BORDEAUX, France (Reuters) - France does not rule out terminating negotiations with the United States that were meant to forge the world’s biggest trade pact, Junior Trade Minister Matthias Fekl told a newspaper.
Fekl said the negotiations were favoring American interests and “either weren’t advancing or were progressing in the wrong direction.”
“If nothing changes, it will show that there isn’t the will to achieve mutually beneficial negotiations,” French regional daily Sud Ouest quoted the secretary of state as saying.
“France is considering all options including an outright termination of negotiations,” he added in the interview published on Monday.
If agreed, the Transatlantic Trade and Investment Partnership (TTIP) would encompass a third of world trade.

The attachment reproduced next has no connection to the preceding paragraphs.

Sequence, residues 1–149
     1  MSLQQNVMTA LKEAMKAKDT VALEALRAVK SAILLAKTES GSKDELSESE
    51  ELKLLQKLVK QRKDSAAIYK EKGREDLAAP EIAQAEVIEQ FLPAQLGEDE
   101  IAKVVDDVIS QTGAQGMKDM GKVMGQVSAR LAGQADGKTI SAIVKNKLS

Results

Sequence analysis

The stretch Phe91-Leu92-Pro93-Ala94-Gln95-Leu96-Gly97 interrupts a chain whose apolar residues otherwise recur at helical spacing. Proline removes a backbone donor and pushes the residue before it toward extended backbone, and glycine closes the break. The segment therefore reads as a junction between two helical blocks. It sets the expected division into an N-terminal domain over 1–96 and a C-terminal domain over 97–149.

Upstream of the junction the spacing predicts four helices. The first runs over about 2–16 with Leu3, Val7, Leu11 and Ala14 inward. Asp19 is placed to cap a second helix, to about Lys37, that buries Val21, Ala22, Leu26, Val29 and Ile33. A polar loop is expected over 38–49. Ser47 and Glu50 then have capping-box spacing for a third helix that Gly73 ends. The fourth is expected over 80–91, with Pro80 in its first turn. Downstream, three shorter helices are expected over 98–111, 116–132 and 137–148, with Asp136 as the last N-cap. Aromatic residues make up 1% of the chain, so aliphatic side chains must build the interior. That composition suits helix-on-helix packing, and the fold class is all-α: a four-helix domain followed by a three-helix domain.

While many businesses welcome the accord to create a market of 800 million people, hoping it will add $100 billion a year to economic output on both sides of the Atlantic, opponents in Europe say it could erode EU standards on food safety and the environment, and that negotiations have not been transparent.
Fekl said Europe had made multiple offers but the United States had failed to reciprocate.
“We do not feel the U.S. is taking into account our wishes around services or the problem of private arbitration courts,” the French minister said.
“The negotiations must in any case allow our SMEs (small and medium-sized enterprises) and farmers to have access to the American market,” Fekl said.
The junior minister also criticized the talks as lacking transparency.
“Lawmakers should have access to documents elsewhere than just in secure rooms of the United States embassy in Paris, which has been the case up to now,” he said.
“American lawmakers have access to a far greater number of documents than their European counterparts,” he added.
Reporting by Claude Cannelas; Writing by Michel Rose; Editing by Ruth Pitchford